By in Politics

Monica Lewinsky Speaks Out on Shame and Social Media

I remember when the scandal broke in 1998. I watched as the details unfolded.

I was not a supporter of President Clinton even before the scandal hit the media. There was "something" about him that just bugged me. I felt there was something sleazy about him, but I could not put my finger on it.

I also have to admit that, once the news was broken, I listened. I judged. I was not kind in how I viewed the situation, nor how I spoke of it. Of him. Or of her--Monica Lewinsky.

I was also glad that some of my indiscretions in my life were not made public. I would have had a difficult time knowing how to handle it. There is a price to pay for associations with public figures.

Ms. Lewinsky has now broken her silence and she is moving forward in a very courageous way. In a TED Talk this month at TED2015, Lewinsky spoke candidly about her choices in "The Price of Shame." (Link to the TED Talk)

Now as a social activist, Lewinsky is using her story and stories of others who are publicly shamed to deliver a message for a more compassionate and safer sensibility with social media.

I appreciate her candor and that she is using her experiences to bring awareness to the world as our media continues to evolve.

© Coral Levang, 2015


Image Credit » by geralt

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Kasman wrote on March 22, 2015, 2:34 PM

She has been very brave in bringing further attention to herself and her time with Clinton. I have a lot of sympathy for her - she was a young intern dazzled by the presence of the most powerful man in the world. He should have known better and she shouldn't have been vilified for what happened.

CoralLevang wrote on March 22, 2015, 2:40 PM

I agree with you in that she was blamed for his indiscretions. Though she played a part in it, it brought to attention just how much we live with double standards, even today.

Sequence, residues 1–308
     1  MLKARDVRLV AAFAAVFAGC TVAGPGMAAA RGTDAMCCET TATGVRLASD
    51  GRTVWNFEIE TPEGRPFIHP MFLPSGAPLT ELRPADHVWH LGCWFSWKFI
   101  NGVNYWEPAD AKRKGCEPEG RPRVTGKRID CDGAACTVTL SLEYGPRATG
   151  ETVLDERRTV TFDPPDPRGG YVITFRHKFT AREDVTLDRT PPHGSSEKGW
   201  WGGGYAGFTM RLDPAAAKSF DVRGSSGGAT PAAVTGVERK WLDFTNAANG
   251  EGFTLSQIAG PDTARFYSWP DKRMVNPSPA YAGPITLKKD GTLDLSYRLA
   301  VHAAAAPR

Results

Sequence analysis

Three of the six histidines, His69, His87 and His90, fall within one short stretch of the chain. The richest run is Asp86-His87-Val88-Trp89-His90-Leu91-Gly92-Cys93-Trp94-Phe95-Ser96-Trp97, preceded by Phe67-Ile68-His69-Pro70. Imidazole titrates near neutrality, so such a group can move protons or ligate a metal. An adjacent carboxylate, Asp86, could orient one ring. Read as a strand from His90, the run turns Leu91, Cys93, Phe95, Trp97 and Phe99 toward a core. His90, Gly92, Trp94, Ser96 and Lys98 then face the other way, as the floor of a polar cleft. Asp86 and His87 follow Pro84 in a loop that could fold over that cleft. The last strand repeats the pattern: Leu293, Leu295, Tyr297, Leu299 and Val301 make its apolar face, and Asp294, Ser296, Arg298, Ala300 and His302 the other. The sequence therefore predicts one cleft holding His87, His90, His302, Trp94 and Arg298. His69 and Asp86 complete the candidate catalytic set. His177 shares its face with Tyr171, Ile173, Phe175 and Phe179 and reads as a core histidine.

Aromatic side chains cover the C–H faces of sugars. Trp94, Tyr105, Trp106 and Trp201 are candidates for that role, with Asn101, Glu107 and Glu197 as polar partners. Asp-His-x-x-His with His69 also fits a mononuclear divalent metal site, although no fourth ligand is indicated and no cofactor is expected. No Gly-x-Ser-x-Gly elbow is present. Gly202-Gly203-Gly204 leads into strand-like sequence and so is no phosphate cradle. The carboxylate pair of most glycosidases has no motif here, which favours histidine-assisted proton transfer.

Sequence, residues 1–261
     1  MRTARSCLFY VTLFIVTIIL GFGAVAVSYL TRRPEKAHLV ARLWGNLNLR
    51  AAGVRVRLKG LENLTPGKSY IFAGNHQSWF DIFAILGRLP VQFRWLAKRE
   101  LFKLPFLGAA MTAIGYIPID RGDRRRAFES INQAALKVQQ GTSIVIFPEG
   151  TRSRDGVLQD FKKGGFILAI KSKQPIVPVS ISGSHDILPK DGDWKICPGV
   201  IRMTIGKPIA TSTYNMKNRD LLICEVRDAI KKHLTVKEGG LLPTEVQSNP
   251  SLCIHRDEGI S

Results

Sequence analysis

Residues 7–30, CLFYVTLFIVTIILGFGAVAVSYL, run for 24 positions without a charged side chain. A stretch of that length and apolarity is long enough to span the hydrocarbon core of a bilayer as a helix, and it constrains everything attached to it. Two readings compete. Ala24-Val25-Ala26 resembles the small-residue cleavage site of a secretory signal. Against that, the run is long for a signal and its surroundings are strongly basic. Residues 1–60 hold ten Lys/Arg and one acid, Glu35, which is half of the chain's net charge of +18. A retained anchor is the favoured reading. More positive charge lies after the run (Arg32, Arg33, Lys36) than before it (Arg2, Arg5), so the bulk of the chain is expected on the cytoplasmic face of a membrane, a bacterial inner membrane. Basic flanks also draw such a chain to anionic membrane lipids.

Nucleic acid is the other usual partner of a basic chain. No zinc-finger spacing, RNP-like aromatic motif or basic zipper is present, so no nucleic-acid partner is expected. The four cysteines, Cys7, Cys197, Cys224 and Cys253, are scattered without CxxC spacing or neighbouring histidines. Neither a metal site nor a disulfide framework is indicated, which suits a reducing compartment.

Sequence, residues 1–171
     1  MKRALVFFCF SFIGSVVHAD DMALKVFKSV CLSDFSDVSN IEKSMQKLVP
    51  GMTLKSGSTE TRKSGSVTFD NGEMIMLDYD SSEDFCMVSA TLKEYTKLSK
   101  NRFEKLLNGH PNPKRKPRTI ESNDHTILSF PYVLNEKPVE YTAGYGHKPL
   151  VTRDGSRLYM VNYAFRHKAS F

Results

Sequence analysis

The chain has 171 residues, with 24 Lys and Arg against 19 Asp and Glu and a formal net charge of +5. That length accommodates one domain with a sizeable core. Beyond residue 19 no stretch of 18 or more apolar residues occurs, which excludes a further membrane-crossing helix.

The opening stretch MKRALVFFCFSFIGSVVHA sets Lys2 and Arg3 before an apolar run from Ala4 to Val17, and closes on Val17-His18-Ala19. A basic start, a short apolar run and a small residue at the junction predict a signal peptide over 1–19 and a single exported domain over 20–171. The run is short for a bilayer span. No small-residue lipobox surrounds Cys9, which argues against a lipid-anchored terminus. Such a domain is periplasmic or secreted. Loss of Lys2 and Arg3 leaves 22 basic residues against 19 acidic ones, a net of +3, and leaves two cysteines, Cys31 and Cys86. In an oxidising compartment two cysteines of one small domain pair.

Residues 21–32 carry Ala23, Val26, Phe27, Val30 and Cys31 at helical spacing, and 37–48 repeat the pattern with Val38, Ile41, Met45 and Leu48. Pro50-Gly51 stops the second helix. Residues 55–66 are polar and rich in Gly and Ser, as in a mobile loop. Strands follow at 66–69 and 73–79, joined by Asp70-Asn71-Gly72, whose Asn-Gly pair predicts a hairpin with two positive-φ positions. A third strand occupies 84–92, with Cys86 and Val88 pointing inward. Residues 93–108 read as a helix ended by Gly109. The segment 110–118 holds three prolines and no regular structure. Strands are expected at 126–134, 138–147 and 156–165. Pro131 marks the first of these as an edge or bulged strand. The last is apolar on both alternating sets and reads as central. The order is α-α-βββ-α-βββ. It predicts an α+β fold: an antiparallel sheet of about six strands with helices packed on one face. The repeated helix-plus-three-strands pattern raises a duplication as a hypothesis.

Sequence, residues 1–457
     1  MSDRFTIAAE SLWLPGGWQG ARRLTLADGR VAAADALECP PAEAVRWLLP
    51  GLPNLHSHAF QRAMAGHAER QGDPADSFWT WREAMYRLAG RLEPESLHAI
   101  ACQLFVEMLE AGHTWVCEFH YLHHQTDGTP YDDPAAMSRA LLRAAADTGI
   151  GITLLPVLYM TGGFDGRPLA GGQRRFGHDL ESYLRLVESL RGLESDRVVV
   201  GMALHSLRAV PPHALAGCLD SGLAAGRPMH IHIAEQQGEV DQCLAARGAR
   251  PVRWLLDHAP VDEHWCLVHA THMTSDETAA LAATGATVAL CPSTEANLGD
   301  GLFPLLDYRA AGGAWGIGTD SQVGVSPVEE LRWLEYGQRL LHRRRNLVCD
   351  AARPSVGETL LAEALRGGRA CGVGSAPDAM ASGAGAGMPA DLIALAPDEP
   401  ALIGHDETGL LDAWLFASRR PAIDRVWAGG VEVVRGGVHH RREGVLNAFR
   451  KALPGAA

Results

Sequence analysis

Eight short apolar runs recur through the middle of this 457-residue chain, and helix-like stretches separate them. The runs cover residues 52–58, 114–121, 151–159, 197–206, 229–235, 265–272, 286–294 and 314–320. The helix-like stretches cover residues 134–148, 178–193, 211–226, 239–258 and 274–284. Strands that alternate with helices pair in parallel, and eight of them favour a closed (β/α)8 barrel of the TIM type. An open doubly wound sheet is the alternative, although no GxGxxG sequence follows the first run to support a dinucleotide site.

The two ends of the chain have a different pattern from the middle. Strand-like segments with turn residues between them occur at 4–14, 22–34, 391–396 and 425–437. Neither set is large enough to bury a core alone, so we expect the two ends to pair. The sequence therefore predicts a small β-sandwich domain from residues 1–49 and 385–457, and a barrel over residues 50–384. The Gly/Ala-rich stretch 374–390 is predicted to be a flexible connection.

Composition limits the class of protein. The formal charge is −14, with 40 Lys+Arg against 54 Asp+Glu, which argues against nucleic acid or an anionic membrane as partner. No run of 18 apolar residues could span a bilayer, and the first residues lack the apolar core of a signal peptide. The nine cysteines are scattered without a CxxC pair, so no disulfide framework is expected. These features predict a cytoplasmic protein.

If you haven't yet heard the talk, she is quite poised and is a very bright woman. She has some humor, too, that shows that she is learning how to deal with life. Hard to believe she is 41 years of age.

MegL wrote on March 22, 2015, 3:04 PM

I agree that I would not some of my indiscretions brought to light and I have no idea how I would deal with the shame!

CoralLevang wrote on March 22, 2015, 3:15 PM

I am amazed that we pick and choose (as a society) who is the most shameful. It sure seems that women are shamed for those indiscretions more than men. Perhaps, it is still that "boys will be boys" mentality?

beachchair wrote on March 22, 2015, 7:29 PM

I hate to say it but when you play in mud you tend to get dirty. She got caught with the POTUS. Her life will never be the same. The choices you make will haunt you. I do not want my bad choices aired but then again I was not servicing the POTUS in the oval office.

CoralLevang wrote on March 22, 2015, 8:13 PM

Of course, there is accountability that she has to bear, but why is it that she is "dirtier" than the former POTUS? It seems that we forgive him of his mud and continue to hold her up to a different light.

Thank you for your comment.

crowntower wrote on March 23, 2015, 3:43 AM

When it broke out in the media I was very young and I can;t understand what is happening and all I know is that Clinton is at stake and his presidency is at steak, that his wife joining the government whatever you call it as a revenge on him. Hehehehe.... anyway I can't say anything much for I don't really dig on what happens in their lives before... so much troubles has my time right now. God bless and thank you for this post.

LeaPea2417 wrote on March 23, 2015, 11:54 AM

I used to make fun of her and think "how could she allow herself to fall for Bill Clinton who was in the public and married"? But, then I started thinking that she was young and naive and really thought she had a chance with him. When I was younger , "love" would blind me and make me think no relationship was impossible, if that makes sense. So, I can understand how she felt then. I am glad today she is giving the wise advice to others from what she went through.

PriscillaKing wrote on March 24, 2015, 3:55 PM

The scandal broke after I'd researched a couple dozen Clinton scandals that were worse. He was our President at the time, too, but he was no gentleman and I turned down the opportunity to shake his hand. So the shame attaching to Lewinsky felt more like "How could she not know A, B, and on through Z about him? It's not as if his staff have been hard to talk to"...the Clinton administration was absolutely packed with charming, approachable people who would have warned, and undoubtedly had warned, Lewinsky. (The history of the Clinton administration is just one story of a subordinate being blamed for the boss's bad ideas after another., Even though he seems to be heterosexual, BC took advantage of men almost as shamefully as women. It's a game played in Arkansas and elsewhere, but it's tacky.)